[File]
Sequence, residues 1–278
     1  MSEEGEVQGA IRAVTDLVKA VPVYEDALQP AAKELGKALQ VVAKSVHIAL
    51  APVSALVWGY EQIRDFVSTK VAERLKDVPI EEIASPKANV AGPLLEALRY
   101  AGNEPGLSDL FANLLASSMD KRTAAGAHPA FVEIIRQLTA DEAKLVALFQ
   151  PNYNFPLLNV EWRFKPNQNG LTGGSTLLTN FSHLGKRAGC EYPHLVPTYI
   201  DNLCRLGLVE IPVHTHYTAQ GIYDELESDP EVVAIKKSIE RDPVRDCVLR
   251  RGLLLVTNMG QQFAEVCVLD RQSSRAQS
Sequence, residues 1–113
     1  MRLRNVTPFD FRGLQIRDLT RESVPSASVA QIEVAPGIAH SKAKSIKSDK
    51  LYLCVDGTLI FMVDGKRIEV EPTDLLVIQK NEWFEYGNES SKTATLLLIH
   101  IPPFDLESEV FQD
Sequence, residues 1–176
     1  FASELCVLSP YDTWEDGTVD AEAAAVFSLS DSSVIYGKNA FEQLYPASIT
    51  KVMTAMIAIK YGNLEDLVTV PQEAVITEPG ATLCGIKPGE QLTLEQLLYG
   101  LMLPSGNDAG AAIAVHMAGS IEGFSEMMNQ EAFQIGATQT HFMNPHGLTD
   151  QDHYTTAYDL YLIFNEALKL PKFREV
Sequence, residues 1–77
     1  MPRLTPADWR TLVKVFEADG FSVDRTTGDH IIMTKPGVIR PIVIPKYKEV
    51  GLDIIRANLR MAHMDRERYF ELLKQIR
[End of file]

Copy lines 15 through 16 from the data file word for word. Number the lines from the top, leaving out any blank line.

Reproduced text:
   101  LMLPSGNDAG AAIAVHMAGS IEGFSEMMNQ EAFQIGATQT HFMNPHGLTD
   151  QDHYTTAYDL YLIFNEALKL PKFREV